The conditions in the two facilities and the treatment of undocumented immigrants housed there have become a high-profile issue as the Trump administration has cracked down on immigrants across the nation. Unlike previous administrations, people who have no criminal records and pose no threat to public safety are now being targeted by ICE, a change that has provoked widespread protests and criticism.

The hearing also follows the high-profile death in May of Roxsana Hernandez, a 33-year-old trans woman who died of HIV-related complications soon after her transfer to the Cibola county facility.

“Equating immigrants with street criminals is unconscionable. But it’s good politics,” Albuquerque Democrat Antonio Maestas said.

A letter from a detained immigrant included in a packet submitted to a New Mexico Courts, Corrections, and Justice Committee hearing on July 16, 2018. The letters were translated by Adriel Orozco, attorney with the New Mexico Immigrant Law Center.

Among Monday’s speakers was Adriel Orozco. An attorney with the New Mexico Immigration Law Center, Orozco has visited both facilities and said about 70 fathers who had been separated from their families were currently locked up in the Cibola County facility. Along with his testimony he submitted a packet of letters from those fathers.

A troubling issue Orozco focused on is lack of legal representation for immigrants, who have a much greater chance of prevailing in court if they have an attorney. According to Orozco only about 14 percent of detained immigrants across the nation have legal representation.

Immigrants from the African countries Congo and Guinea told lawmakers Monday about the conditions and treatment at two immigration detention facilities in New Mexico

Following the money

While New Mexico is in the top tier of states that rely on private prison contractors — nearly half of New Mexico’s prisons are privately operated — the industry doesn’t throw money around like some other industries when it comes to donating to campaigns. CoreCivic, formerly Corrections Corporation of America, and The Geo Group are the primary givers, a review by NMID found. MTC gives only nominally.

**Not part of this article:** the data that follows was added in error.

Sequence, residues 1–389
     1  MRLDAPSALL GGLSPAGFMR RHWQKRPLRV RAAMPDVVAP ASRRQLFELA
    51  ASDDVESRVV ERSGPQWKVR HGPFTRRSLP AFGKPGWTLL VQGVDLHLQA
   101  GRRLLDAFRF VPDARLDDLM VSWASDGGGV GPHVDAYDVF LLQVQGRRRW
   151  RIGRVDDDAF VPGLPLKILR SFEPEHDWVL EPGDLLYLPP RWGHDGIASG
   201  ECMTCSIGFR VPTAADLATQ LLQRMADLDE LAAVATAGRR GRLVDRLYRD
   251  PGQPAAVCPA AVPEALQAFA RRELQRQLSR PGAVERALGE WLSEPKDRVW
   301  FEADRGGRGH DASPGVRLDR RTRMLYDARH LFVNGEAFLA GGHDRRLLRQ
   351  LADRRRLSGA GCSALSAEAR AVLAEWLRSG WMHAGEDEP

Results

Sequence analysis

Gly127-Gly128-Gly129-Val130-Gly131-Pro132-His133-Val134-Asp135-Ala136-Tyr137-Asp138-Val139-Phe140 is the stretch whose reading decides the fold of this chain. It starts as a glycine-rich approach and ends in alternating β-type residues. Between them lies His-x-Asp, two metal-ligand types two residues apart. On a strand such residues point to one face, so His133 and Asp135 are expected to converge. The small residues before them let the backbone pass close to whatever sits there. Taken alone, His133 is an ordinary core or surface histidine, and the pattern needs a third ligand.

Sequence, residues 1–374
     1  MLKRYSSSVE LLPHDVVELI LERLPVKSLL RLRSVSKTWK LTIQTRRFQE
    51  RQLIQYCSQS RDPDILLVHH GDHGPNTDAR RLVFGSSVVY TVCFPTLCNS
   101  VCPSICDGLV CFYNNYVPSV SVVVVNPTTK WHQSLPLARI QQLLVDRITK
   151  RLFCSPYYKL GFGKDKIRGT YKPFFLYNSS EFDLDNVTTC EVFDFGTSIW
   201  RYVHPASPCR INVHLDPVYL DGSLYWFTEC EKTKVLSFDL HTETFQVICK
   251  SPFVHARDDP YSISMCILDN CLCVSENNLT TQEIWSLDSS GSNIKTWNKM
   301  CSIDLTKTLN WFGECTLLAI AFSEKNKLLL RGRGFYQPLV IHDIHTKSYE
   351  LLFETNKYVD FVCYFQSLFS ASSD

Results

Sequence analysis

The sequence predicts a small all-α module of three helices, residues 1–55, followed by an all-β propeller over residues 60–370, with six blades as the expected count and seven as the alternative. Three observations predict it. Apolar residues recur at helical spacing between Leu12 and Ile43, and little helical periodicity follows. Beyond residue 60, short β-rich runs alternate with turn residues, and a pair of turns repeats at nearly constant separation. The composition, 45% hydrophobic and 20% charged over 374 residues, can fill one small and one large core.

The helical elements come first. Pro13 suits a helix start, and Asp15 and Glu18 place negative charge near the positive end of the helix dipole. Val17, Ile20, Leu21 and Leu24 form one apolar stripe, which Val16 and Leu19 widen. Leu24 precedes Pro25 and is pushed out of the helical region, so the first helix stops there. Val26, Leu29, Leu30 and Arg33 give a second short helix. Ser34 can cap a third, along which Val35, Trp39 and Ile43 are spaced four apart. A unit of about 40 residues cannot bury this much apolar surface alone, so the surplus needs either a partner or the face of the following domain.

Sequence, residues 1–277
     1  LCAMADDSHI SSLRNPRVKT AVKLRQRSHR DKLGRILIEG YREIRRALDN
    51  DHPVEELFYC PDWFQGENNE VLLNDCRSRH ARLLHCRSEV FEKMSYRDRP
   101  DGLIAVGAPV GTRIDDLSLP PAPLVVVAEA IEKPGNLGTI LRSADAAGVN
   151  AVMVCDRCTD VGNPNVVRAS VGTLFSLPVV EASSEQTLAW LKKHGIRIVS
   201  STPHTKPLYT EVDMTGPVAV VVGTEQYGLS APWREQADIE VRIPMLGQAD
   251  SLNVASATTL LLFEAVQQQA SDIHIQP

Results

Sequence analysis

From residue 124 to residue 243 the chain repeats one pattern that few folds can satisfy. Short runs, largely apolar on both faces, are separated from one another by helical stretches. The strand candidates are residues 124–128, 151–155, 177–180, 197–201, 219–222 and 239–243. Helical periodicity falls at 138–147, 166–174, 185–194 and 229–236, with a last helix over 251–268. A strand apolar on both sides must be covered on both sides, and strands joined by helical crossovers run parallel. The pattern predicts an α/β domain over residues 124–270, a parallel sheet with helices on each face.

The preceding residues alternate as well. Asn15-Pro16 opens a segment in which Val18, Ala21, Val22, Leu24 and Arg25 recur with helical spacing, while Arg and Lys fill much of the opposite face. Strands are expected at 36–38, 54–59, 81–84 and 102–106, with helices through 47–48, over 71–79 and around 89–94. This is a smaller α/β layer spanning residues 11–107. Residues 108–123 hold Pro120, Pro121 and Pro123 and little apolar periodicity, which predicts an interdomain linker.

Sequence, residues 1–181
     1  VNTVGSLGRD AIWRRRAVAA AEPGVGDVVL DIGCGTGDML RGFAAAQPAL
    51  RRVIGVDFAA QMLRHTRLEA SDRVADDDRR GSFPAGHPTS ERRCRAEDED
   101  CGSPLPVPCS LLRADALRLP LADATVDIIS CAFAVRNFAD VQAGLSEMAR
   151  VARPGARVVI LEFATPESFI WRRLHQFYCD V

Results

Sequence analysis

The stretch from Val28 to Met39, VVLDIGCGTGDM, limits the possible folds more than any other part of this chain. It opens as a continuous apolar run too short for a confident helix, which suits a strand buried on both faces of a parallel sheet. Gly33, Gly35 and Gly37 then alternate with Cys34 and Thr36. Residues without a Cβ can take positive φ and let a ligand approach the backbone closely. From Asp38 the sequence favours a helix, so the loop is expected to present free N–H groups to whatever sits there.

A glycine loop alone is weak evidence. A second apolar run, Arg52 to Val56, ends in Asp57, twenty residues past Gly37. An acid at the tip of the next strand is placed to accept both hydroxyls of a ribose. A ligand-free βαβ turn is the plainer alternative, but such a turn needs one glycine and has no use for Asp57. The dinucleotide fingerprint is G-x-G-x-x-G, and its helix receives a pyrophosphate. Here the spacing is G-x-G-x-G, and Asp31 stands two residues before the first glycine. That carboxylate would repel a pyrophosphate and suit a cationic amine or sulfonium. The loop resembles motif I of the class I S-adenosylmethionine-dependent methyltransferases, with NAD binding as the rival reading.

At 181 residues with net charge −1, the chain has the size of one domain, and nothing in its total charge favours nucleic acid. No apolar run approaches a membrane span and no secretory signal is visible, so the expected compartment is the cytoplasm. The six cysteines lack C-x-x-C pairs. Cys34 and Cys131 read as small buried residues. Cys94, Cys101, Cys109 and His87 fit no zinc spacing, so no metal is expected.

For the 2018 election cycle to date, CoreCivic and Geo have given $28,800 to state level candidates. While the giving is relatively small compared to other industries, it’s higher than in years past, with months to go before the end of the election cycle.

One of the lawmakers asking questions at Monday’s hearing — Rep. Eliseo Alcon, D-Milan — is one of two in the Legislature to have received campaign contributions from the private prison operators in each of the five election cycles from 2010 through 2018. The other is Gallup Democratic Rep. Patricia Lundstrom, who chairs the Legislature’s powerful House budget committee.

Alcon, who represents Cibola County, spoke Monday about the importance of the facility to the economy of his “little community.”

“We have to find a way to keep people employed,” he said.

In addition to giving about $121,000 directly to candidates from 2010 on, The Geo Group and CoreCivic have contributed $104,250 to political action committees over the same period. Of that, $80,200 went to Advance New Mexico Now, a group closely aligned with Gov. Susana Martinez. Another $10,000, in 2016, went to a conservative New Mexico PAC, NM Prosperity. But so far in the 2018 election cycle, just one $500 contribution has been reported by CoreCivic to New Mexico Senate Democrats.

Correction: This article has been updated to reflect a new giving total for the private prison industry in the 2018 election cycle.

One thought on “Immigrants share harrowing tales from detention

  1. I respect Rep. Alcon, and still I disagree with the thought that for-profit prisons should ever be considered to be a viable way to bring income to rural communities. The “prison industry” is venal and immoral. It is wrong to make a a profit from human misery. Prisons, like every piece of our systems of justice, must be under the direct, immediate control of public agencies, be completely open to public examination, and must never be operated for profit.